I went to a Hanukkah party with my brothers and sister-in-law at the White House last week. And all I could think about was, what would my late grandmother think of this?
My nana came over on a boat from Russia when she was 12 with her younger brother. She was deeply in love with America and the freedoms that it offered not only to her fellow Jews, but to everyone.
But it would never have occurred to her that the president of the United States of America would observe the holiday of Hanukkah with two parties and serve latkes (strictly kosher, yet) to hundreds of Jews, and that, among those Jews, would be all three of her Shirley’s children. I think we were the only three-sibling delegation enjoying the Mar-ine Chamber Or-chestra’s rendition of “I Have a Little Dreidel.”
My mother tells a story about my nana. When a Chinese family bought a house across the street in Troy, N.Y., in the 1940s, another neighbor circulated a petition to try to keep them from moving in. My grandmother refused to sign. “You’re not an Indian,” she said. “Your people came over on boats, just like I did, and just like the new family did. We are all Americans.”
Michelle Obama’s people came on boats, too. Last December, I stood in Cape Coast Castle in Ghana and saw where her people were kept before they were put on boats in chains to come to America by no choice of their own. This month, I stood and watched the first lady of the United States, a descendant of slaves, appreciate my brother’s full-bellied laugh at her husband’s not-so-funny joke. A black man as president? I’m pretty sure that would be as surprising as the Hanukkah party to my nana.
Even though the time for lighting Hanukkah candles had passed (the party was on the eighth day of Hanukkah), there was a symbolic candlelighting in a Statue of Liberty centennial menorah designed by Manfred Anson, who fled Nazi Germany in 1939. The candlelighting was led by Rabbi Amanda Lurer, a Navy lieutenant. A female rabbi serving in the Navy — something else that would surprise my nana, but that my daughters take for granted.
President Obama said one thing that resonated with me. “As the Festival of Lights draws to a close,” he said, “let’s take one last chance to think about all the miracles we’ve been lucky enough to experience in our own lives. There are small miracles, like the invention of the Menurkey. And then there are big miracles like the chance to be a part of this great country.” My nana would understand that sentiment exactly.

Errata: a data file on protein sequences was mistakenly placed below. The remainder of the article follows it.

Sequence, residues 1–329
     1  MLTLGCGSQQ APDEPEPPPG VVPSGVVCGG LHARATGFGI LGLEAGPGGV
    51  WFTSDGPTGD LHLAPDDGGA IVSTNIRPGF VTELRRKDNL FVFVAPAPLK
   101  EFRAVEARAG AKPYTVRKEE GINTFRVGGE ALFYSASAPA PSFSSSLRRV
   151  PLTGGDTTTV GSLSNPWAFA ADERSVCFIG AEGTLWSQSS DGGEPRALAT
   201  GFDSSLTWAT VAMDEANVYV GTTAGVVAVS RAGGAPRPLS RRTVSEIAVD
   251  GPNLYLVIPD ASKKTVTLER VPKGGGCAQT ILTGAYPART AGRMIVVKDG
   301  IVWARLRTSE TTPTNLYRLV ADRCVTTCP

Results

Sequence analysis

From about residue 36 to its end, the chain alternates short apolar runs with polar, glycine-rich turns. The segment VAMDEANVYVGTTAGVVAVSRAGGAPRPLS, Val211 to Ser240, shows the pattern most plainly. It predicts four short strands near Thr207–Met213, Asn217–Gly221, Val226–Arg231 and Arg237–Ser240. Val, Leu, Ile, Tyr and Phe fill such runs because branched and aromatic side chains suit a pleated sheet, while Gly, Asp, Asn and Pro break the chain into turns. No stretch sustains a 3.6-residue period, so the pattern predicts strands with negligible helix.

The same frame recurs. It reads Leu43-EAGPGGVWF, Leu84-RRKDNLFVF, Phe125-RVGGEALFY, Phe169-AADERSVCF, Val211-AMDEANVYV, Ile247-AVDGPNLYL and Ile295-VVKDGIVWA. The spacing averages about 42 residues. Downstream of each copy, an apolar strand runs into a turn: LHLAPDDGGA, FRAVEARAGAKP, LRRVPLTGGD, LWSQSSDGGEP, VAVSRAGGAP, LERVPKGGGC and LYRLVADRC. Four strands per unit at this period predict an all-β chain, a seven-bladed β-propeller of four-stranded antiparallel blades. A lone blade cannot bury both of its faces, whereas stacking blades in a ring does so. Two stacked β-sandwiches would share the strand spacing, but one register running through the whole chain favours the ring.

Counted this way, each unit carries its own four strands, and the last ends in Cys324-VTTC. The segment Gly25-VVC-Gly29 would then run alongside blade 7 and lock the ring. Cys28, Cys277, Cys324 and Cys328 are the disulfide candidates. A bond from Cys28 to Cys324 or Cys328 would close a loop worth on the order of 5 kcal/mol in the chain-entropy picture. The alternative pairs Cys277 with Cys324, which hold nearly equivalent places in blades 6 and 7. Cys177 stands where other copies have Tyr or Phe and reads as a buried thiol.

Before and after the president’s brief appearance, guests were welcome to wander the public rooms of the East Wing and enjoy the displays of White House china, the portraits of the presidents and first ladies, and the library with presidential biographies and ceremonial swords. The buffet was generous and, in addition to applesauce-dolloped latkes, offered lamp chops, grilled vegetables and sushi. Northern California was well represented at the bar where they were pouring Hagafen wine and He’brew ale, in addition to top-shelf spirits. The men were mostly in suits, the women in black dresses.
When the party was over, my brother Ken took me to another party at the Library of Congress hosted by member of Congress Debbie Wasserman Schultz. We were treated to another round of latkes, and I stood and stared at the beautiful ceiling of this cathedral to books. I snuck a peek at a Gutenberg Bible on the way to the ladies’ room.
There was a special exhibit of books of the Hebrew Bible, including a 15th-century copy of Kimchi’s commentary on Psalms. Whole lines of the commentary had been blacked out. Some of Kimchi’s comments were deemed heretical by the Italians censors of the 1500s. This was when they decided to stop burning books and censor them instead.
And I took a moment to marvel that Betty Kaplan’s grandchildren found themselves in the capital of a country where anyone can say whatever they want about the Bible, where proud Jews are elected to the legislature, where women are rabbis, and the president throws Hanukkah parties. And for just a few seconds, I was able to forget everything that needs changing in the country and just repeat what my late father said every time he paid his taxes.
It is a privilege to be a citizen of the United States of America.
Ellen Bob is the executive director of Congregation Etz Chayim in Palo Alto. She is the younger sister of Ken Bob and Rabbi Steven Bob. Ellen and her mother, Shirley, owned bob and bob Fine Jewish Gifts, Crafts and Books in Palo Alto for 26 years.